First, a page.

Tormos, R., Fonseca, P., and Garcia-Alamino, J. M. "In-Person School Reopening and the Spread of SARS-CoV-2 During the Second Wave in Spain"
We investigate the effects of school reopening on the evolution of COVID-19 infections in Spain studying both regional and age-group variation. Spain’s 17 Autonomous Communities reopened schools at different moments in time during September 2020. We find that in-person school reopening correlates with a burst in infections in almost all those regions. Data from Spanish regions gives a further leverage: in some cases, pre-secondary and secondary education started at different dates. The analysis of those cases does not allow to conclude whether reopening one educational stage had an overall stronger impact than the other. To provide a plausible mechanism connecting school reopening with the burst in contagion, we study the Catalan case in more detail, scrutinizing the time-series patterns of infections among age-groups and the possible connections between them. The stark and sudden increase in contagion among older children (10-19) just after in-person school reopening appears to drag the evolution of other age-groups according to Granger causality. This might be taken as an indirect indication of household transmission from offspring to parents with important societal implications for the aggregate dynamics of infections.
Verge, T, and Tormos, R. "Shaping Support for Public Policies: Legitimacy Cues and Question Wording Effects in the Case of Gender Quotas"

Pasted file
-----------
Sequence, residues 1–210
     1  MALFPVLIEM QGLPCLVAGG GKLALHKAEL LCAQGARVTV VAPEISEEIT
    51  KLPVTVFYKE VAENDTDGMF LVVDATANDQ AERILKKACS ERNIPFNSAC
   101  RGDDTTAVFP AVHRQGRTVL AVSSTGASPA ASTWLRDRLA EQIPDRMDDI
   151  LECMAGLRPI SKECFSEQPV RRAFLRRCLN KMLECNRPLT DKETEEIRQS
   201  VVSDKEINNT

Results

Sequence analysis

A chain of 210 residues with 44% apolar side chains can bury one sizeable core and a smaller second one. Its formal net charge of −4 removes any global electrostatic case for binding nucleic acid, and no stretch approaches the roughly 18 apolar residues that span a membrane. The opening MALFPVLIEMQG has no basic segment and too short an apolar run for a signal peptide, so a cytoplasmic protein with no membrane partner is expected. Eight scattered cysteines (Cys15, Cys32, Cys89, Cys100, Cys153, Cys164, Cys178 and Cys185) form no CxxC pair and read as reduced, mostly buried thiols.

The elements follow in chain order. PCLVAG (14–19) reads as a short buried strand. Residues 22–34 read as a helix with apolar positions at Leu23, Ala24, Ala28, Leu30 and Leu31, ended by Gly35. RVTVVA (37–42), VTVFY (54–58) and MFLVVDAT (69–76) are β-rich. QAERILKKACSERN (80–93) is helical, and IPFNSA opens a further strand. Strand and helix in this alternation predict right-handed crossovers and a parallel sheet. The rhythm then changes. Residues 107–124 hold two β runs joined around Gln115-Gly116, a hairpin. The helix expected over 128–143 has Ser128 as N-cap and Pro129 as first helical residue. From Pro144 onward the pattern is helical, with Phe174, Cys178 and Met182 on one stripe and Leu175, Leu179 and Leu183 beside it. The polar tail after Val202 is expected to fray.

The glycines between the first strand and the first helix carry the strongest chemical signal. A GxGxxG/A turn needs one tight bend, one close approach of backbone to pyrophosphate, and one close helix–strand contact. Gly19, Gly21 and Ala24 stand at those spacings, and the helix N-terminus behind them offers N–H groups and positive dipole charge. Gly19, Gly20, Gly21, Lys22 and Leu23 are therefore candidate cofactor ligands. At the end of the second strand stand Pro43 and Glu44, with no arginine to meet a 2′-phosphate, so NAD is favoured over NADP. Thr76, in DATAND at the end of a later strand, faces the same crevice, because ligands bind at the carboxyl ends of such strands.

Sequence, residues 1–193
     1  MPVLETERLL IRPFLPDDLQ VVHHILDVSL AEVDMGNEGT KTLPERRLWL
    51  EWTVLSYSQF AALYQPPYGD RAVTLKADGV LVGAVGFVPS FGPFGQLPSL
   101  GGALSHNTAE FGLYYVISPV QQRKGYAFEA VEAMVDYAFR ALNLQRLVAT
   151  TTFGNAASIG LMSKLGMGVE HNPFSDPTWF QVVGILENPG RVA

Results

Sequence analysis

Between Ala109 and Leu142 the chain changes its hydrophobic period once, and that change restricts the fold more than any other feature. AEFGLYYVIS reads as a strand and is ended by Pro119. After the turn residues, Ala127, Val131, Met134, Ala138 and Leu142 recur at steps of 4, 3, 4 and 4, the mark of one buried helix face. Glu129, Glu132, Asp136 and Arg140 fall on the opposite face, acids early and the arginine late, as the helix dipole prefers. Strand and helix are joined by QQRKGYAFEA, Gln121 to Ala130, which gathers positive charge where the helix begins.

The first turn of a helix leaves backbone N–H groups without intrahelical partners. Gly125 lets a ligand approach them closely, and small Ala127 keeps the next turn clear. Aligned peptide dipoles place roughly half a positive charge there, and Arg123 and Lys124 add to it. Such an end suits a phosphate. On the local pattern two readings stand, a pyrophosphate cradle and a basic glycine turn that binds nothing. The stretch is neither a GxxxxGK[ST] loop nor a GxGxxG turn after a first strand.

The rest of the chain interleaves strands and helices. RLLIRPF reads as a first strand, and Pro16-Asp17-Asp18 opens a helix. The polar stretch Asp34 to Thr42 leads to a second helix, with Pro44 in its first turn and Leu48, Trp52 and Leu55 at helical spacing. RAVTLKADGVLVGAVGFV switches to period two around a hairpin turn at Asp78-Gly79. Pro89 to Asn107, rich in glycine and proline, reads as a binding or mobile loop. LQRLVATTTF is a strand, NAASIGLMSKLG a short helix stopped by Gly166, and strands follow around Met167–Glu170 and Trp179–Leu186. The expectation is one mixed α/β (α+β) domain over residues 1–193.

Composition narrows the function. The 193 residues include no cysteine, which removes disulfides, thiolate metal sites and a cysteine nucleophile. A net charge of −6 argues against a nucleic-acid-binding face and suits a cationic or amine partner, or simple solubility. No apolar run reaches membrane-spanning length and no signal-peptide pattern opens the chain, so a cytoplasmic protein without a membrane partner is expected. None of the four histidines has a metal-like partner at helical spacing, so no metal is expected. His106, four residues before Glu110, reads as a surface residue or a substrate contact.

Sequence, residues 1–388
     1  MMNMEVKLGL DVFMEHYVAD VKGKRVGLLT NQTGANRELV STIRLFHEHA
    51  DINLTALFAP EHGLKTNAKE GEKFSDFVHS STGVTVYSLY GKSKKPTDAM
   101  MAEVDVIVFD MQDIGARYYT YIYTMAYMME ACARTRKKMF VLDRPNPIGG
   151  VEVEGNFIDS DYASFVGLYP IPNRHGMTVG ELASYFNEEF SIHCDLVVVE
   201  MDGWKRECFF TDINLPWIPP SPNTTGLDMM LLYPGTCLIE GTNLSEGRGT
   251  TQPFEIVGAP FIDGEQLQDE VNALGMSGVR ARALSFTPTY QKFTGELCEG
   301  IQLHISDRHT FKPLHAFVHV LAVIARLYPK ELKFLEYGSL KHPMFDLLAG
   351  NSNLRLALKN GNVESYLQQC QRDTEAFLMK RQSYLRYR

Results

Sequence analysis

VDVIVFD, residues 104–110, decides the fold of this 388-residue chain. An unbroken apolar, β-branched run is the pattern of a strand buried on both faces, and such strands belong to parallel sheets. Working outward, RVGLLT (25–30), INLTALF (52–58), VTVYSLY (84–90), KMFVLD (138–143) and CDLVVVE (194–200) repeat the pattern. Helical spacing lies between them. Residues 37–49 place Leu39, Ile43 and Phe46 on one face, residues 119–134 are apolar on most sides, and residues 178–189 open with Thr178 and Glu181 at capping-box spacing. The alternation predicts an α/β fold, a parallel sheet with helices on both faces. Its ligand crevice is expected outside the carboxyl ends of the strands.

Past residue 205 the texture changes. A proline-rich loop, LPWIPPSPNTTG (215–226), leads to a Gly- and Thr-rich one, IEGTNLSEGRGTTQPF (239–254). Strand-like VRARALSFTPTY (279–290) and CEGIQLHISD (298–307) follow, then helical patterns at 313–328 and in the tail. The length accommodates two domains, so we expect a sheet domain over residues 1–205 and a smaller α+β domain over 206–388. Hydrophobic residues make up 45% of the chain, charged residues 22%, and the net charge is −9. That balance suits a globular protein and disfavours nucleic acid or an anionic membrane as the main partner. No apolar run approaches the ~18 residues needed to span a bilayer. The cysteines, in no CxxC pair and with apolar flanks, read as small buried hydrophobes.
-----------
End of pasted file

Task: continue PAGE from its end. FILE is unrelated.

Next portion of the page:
Public policies require citizens’ support not only for their approval but also for their successful implementation. Gender quotas are an exemplary case of a divisive policy whose enactment does not automatically dissolve opposition. This article examines how support for gender quotas can be shaped through legitimacy cues and question wording. The empirical analysis builds on two experiments embedded in a representative survey fielded in Spain, where gender quotas in politics and private businesses were introduced a decade ago. Our results show that priming the legal framework yields positive effects on support for electoral quotas, whilst the endorsement of gender balance in corporate boards increases when the wording of the question does not mention the word quotas.
Muñoz, J., and Tormos, R. "Social Choice and the Self-Determination Debate: Evaluating Alternative Methods for Preference Aggregation in Catalonia"
Rudnev, M., and Tormos, R. "Personality Traits and Human Values"
Sortheix, F., and Tormos, R. "Personal Economic Grievances and their Implications for Values"